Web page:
Containing food safety with the right containers: Part 2

Reduce foodborne illness by not reusing cardboard and egg cartons to store food.

Various cardboard egg cartons.
Photo: MSU Extension/Mary Morris Donaldson.

This is part of a series detailing how containers can affect food safety. Read part one, about glass containers, hereRead part three, about plastic containers, here.

The phrase "reduce, reuse and recycle" can be a great way to save money and to be more sustainable, but it may not be a great way to store food. Storing food in the wrong container can contaminate food and cause a foodborne illness. Michigan State University Extension recommends that only food-grade containers are used to store food. 

Cardboard boxes that have contained raw food may absorb moisture, allowing bacteria to grow, and possibly contaminate other food. Cardboard cannot be cleaned and sanitized. Waxed corrugated fiberboard, used to ship produce, is able to resist moisture, but not completely, which potentially allows microorganisms to grow. Additionally, the seams of the box are great hiding spots for bacteria and molds, and fungi.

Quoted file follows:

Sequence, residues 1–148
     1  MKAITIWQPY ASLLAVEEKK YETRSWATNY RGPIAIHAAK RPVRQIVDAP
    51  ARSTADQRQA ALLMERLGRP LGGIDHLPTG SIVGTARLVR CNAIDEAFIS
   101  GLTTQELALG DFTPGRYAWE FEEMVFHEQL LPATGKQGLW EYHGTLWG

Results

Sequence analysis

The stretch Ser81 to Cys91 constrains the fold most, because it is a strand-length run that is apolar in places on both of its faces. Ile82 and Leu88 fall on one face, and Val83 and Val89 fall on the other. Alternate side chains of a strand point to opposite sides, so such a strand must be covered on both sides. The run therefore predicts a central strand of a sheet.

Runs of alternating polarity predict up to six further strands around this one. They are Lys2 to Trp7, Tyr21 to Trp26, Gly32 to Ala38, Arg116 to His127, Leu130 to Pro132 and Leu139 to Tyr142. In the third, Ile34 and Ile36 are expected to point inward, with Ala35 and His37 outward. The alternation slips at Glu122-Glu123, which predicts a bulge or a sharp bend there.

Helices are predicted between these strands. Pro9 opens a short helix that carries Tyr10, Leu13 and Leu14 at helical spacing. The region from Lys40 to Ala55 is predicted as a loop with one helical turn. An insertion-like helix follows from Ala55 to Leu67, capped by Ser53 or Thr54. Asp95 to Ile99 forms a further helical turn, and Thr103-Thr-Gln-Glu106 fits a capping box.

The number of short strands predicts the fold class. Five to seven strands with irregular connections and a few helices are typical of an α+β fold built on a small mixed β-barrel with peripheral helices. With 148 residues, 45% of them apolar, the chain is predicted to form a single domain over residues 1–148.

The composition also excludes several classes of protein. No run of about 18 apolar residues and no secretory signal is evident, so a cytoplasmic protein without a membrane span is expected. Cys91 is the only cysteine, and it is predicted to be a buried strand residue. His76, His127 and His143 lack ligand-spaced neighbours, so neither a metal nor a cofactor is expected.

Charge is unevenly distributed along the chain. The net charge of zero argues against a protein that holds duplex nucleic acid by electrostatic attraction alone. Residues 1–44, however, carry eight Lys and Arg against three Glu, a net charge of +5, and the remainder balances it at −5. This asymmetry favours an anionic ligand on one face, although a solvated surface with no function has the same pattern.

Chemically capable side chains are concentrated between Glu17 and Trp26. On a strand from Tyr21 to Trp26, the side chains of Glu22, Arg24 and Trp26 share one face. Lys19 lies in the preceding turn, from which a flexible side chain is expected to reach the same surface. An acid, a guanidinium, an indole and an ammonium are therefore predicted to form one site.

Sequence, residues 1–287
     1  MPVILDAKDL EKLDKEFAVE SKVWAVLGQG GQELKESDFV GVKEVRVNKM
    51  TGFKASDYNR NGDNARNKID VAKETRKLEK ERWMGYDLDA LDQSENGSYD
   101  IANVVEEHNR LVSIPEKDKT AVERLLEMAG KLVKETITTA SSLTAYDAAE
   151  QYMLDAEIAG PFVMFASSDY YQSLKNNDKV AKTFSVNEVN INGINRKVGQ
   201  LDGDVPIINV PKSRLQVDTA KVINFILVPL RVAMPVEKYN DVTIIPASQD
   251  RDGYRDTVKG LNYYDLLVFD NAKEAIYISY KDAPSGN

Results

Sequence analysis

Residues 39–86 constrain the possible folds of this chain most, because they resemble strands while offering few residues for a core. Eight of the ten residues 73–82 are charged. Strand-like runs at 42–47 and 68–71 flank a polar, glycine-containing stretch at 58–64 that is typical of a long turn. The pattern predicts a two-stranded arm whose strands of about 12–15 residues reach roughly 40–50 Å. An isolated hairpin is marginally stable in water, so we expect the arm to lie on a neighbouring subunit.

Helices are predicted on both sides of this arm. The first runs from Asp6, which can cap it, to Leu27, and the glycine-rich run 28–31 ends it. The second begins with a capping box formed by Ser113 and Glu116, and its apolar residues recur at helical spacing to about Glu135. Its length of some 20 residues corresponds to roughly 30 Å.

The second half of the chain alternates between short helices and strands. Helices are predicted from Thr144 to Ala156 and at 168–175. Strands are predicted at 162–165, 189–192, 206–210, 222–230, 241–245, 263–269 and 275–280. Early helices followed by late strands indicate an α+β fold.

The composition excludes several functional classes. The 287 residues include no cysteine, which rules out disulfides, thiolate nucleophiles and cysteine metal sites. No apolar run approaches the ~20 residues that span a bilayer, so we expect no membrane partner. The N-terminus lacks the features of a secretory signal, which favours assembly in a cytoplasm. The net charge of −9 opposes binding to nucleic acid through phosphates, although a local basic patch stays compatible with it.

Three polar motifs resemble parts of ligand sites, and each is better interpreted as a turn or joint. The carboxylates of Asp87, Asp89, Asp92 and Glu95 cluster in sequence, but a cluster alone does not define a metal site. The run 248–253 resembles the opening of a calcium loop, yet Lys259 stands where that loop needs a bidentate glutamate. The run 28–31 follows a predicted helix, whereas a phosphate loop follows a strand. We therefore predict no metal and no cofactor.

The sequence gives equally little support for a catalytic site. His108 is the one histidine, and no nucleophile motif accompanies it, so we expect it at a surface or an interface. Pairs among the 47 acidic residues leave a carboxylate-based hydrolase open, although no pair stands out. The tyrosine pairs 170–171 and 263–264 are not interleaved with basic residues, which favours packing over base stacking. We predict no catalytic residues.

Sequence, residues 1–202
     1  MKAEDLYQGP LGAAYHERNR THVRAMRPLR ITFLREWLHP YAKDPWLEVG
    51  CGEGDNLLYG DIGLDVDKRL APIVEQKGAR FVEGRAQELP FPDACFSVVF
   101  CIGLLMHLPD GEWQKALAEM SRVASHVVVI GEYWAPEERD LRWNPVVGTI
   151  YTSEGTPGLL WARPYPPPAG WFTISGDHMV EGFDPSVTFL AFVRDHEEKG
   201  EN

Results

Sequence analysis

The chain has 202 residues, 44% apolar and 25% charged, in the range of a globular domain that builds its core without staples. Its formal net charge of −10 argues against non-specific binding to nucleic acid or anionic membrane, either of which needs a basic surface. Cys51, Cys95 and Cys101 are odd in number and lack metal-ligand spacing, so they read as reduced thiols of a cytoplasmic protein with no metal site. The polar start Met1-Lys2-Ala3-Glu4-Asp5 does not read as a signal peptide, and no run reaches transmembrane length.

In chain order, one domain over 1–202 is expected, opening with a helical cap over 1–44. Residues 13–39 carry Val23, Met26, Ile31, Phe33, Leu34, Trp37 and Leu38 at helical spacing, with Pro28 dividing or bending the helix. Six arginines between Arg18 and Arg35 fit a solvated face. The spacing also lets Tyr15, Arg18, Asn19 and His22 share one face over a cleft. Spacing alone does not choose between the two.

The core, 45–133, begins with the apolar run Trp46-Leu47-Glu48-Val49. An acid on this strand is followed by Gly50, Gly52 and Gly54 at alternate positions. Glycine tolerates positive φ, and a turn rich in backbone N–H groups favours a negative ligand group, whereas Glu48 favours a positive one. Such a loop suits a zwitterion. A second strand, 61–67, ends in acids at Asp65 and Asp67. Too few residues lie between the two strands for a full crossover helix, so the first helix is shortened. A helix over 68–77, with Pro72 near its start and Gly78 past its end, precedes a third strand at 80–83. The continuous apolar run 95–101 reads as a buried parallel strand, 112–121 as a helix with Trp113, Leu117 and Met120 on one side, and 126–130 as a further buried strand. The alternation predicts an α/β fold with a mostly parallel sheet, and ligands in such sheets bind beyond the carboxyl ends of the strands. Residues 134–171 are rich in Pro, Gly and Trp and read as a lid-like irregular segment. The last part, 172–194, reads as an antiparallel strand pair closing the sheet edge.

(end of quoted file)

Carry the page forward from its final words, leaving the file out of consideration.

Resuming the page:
If the box is relatively undamaged and visually clean (remember, cleaning is different from sanitizing, cleaning removes dirt and debris, sanitizing reduces pathogens to safe levels) it may be reused for storing food that has a smooth and firm rind, such as a watermelon. However, a cantaloupe, for example, is not smooth and would not be appropriate for storing in a reused cardboard box. Any boxes that have held raw meat, poultry, or fish should not be reused for anything. In the state of Michigan, it is against the law for growers and retailers to reuse a box that held say, carrots, to be used to store or display apples. This is to minimize cross-contamination from one food to another and is also a great tip for consumers on how to handle used cardboard boxes for storage.

Since it can be a bumpy ride from the hen house to grocery store shelves, foam or cardboard egg cartons have been designed to protect fragile, raw shell eggs. While traveling in these cartons, eggs are considered a raw food. Reusing egg cartons, even if the cartons are washed can be a source of cross-contamination. The USDA considers egg cartons as a one-time-use packaging.

Ready-to-eat food, like mini muffins, that are stored in egg cartons can become contaminated with salmonella. Reusing egg cartons as a creative way for storing food or used for craft projects can potentially cause foodborne illness. Michigan State University Extension recommends that hands should be washed for at least 20 seconds after handling egg cartons.

MSU Extension also recommends using food-safe containers to reduce the chances of foodborne illness. For more information on keeping food safe, visit MSU Extension's Safe Food & Water website.

Did you find this article useful?